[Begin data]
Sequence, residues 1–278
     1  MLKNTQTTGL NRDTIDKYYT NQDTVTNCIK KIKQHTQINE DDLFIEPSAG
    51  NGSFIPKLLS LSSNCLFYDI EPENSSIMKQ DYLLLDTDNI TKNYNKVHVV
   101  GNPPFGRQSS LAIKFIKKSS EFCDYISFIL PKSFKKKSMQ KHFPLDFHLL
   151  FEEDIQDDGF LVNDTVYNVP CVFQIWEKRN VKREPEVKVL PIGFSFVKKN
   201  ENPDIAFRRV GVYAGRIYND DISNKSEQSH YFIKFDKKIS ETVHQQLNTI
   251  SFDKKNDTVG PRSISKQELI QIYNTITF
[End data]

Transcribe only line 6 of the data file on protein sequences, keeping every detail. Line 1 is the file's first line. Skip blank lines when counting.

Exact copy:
   201  ENPDIAFRRV GVYAGRIYND DISNKSEQSH YFIKFDKKIS ETVHQQLNTI